The lesser popular but nearly instant option is a DIY process. We do not recommend or condone this behavior – but it does exist. Remember how we’ve mentioned that the chip remains the same, it’s only the plastic around it that’s bigger. Well, with the help of a well-written tutorial on the Internet, a ruler, and a pair of scissors or a sharp blade, you can make your own Nano-SiM or Micro-SIM card.
If you are not handy, there is also an option of ordering a pre-made SIM cutter that will ensure the exact size is achieved. It works by lining up the lines, and just pressing down – similar to a hand-held embosser. Technically, you’d also have to sand it down as well, since a mini-SIM card has a thickness of 0.76 mm, while a Nano-SIM card has a thickness of 0.67 mm. In reality, that would not be necessary, and would only increase the risk. Finally, an embedded SIM is out of the question, since that type of card is already present in a smartphone you buy, and soldered onto the board – hence you wouldn’t be doing this in the first place.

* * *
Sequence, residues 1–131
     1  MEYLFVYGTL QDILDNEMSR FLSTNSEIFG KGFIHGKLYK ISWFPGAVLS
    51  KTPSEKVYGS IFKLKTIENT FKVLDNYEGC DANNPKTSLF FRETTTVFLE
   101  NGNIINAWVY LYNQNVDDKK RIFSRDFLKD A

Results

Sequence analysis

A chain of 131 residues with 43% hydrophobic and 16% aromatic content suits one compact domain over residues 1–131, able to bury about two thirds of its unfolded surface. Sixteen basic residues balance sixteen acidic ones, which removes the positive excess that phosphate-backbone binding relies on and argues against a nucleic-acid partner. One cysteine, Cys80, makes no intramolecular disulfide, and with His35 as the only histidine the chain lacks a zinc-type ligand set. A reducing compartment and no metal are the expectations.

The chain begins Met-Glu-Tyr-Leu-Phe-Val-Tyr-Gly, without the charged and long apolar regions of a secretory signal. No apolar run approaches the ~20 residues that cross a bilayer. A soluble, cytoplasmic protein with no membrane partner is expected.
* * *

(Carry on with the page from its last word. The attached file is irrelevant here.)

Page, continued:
Dual Mini-SIM cards
It is entirely possible to use two Mini-SIM cards inside one mobile phone. This option has been extremely popular with people that are businessmen, as it reduces the cost of usage. However, in a majority of phones, even though you can switch between 2 SIM cards, you can only use one card at once, since they typically share the same radio antenna. This is inconvenient since you won’t be able to receive calls, use the Internet, or text on the second SIM while using the first. However, a quick reboot lets you regain access to that ability.
Should I upgrade from a Mini-SIM card?
As mentioned above, if you’re still using a basic feature mobile phone that is used for calling and texting, there’s really no need to. But whether you’re trying to keep up with technology, or only use the basic features of the low-end smartphone, you’ll simply have to. Even a reboot phone, such as Nokia 3310 (2017) uses a Micro-SIM card, which goes to show outdated this one is. If you fear the change – don’t.